The Mechanics Of Computation: Automata


Professor Mark Bishop,
FACT360, Chief Scientific Adviser
[email protected]

FACT360’s Chief Scientific Adviser, Professor Mark Bishop returns to take a more detailed look at some of the concepts outlined in the ‘The Science of AI’ series (read the first post here). The next three posts examine the ‘Mechanics of Computation’, beginning here with a look at automata…

The forerunners of today’s ‘machines that compute’ are engines that can autonomously perform a sequence of actions, automata. Simple automata are merely capable of repeating a hard-engineered, specific sequence of actions whilst more advance automata can sequence a user-defined program of actions. In this blog I will examine two important automata in the history of computation, beginning with a very simple device which can only perform a single behaviour, the ancient Greek Clepsydra, before moving to examine L’Ecrivain (‘The Writer’), a machine which was capable of being programmed to execute a range of user-specified writing behaviours. Over time, the evolution of ever more complex automata led to the development of theoretical computational machinery: from Charles Babbage’s putative mechanical ‘Analytical Engine’, to the Turing Machine, which eventually led to the realisation of the modern, digital, electronic computer.

The word ‘automata’ derives from the Greek word αὐτόματα, meaning ‘acting of one’s own will’. Automata were carefully designed to give the illusion of acting of their own volition, despite being mere mechanical systems and, typically, were constructed to depict human or animal figures in motion. In Ancient Greece, engineering was sufficiently advanced to build automata that would realise a single, pre-engineered behaviour.

The water clock, or clepsydra, was originally a very simple machine; a container with an aperture through which water flowed, emptying over a known time span and hence ‘measuring time’. The basic mechanism was subsequently refined by Ktesibios, a Greek engineer. His key invention was to add water wheels and floats to the basic device, to drive a further mechanism in which water dripping at a constant rate also raised a float that moved a pointer, marking the passage of the hours (see Figure 1).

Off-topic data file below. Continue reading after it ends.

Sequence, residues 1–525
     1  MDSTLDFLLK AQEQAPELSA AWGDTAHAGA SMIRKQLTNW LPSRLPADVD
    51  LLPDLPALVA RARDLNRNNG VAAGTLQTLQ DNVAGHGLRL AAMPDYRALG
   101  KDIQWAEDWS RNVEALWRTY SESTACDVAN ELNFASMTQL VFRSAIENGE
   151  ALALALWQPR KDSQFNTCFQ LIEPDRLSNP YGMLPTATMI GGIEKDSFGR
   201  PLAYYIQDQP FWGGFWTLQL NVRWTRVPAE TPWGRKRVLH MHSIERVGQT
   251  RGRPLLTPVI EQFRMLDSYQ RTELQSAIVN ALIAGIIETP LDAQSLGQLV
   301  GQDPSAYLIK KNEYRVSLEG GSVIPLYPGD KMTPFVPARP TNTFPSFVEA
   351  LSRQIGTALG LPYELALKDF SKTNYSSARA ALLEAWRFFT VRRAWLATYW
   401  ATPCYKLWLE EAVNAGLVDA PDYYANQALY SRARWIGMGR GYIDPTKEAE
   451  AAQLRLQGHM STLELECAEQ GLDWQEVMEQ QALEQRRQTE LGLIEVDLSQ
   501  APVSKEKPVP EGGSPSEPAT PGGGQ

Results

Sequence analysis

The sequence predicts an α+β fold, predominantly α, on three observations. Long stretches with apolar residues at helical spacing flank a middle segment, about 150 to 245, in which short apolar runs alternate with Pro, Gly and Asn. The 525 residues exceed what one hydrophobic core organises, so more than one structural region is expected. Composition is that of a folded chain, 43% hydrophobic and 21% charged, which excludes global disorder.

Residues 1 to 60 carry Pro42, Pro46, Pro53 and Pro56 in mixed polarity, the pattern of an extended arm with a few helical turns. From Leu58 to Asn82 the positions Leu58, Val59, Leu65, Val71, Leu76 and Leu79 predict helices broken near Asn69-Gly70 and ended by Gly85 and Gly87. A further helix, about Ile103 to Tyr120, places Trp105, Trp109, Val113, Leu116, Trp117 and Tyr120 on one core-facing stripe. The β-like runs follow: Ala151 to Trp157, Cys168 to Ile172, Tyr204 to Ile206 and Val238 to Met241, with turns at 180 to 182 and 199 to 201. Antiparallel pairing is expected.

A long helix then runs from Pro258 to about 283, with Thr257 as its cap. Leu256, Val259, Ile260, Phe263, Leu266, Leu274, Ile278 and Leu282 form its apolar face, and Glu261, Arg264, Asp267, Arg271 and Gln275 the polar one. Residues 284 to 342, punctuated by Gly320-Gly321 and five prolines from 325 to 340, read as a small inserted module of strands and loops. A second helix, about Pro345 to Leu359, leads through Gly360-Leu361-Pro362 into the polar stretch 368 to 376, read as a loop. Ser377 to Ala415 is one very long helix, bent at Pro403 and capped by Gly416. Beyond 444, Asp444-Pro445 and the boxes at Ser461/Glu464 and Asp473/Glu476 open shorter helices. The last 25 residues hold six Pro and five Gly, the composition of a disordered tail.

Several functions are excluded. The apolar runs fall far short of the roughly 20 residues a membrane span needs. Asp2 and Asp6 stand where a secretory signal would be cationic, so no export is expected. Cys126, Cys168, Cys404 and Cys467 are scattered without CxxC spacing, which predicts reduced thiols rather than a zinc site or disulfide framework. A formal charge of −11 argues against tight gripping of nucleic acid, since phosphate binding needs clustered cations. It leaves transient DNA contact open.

Figure 1. Ancient Greek Clepsydra mechanism [Image: Wikimedia Commons]

Although still simple, the enhanced behaviour of Ktesibios’ clepsydra was of significant practical use, enabling the devices to be used as rudimentary `timed alarms’ and `stop-watches’. Indeed, the mechanism was so successful that it was only made obsolete in the 17th Century with the invention of the pendulum clock. Clearly, instilling artefacts with a specific sequence of behaviour was within the reach of engineers of antiquity; the greater challenge was to instil a single artefact with the capability to produce a variety of complex behaviours.

Inspiration for the development of Automata during the middle ages was, in part, thanks to the French philosopher and mathematician Rene Descartes, who suggested that the bodies of animals were no more than complex machines, whose internal organs could be recreated via such mechanical instruments as cams and pistons. According to Descartes all organisms, including the human body, are automata. Nature, ‘res extensa’, according to Descartes, has made animals act only according to the disposition of their own bodies, just as a mechanical clock operates only due to the weights and pulleys, springs, and wheels of its physical makeup: